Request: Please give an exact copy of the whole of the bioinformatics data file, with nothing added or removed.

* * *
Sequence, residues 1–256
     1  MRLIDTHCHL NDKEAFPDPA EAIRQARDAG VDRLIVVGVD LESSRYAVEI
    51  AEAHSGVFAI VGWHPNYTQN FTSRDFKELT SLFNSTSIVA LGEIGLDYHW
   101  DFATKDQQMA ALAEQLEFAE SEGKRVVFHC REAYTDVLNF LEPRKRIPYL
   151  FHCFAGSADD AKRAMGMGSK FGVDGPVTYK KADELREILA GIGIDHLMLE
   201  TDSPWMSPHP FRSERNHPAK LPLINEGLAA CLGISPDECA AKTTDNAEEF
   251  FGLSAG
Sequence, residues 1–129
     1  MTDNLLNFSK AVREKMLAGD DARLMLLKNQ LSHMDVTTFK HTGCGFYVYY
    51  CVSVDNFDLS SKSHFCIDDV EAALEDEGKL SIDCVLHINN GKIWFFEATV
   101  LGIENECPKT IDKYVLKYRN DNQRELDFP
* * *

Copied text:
Sequence, residues 1–256
     1  MRLIDTHCHL NDKEAFPDPA EAIRQARDAG VDRLIVVGVD LESSRYAVEI
    51  AEAHSGVFAI VGWHPNYTQN FTSRDFKELT SLFNSTSIVA LGEIGLDYHW
   101  DFATKDQQMA ALAEQLEFAE SEGKRVVFHC REAYTDVLNF LEPRKRIPYL
   151  FHCFAGSADD AKRAMGMGSK FGVDGPVTYK KADELREILA GIGIDHLMLE
   201  TDSPWMSPHP FRSERNHPAK LPLINEGLAA CLGISPDECA AKTTDNAEEF
   251  FGLSAG
Sequence, residues 1–129
     1  MTDNLLNFSK AVREKMLAGD DARLMLLKNQ LSHMDVTTFK HTGCGFYVYY
    51  CVSVDNFDLS SKSHFCIDDV EAALEDEGKL SIDCVLHINN GKIWFFEATV
   101  LGIENECPKT IDKYVLKYRN DNQRELDFP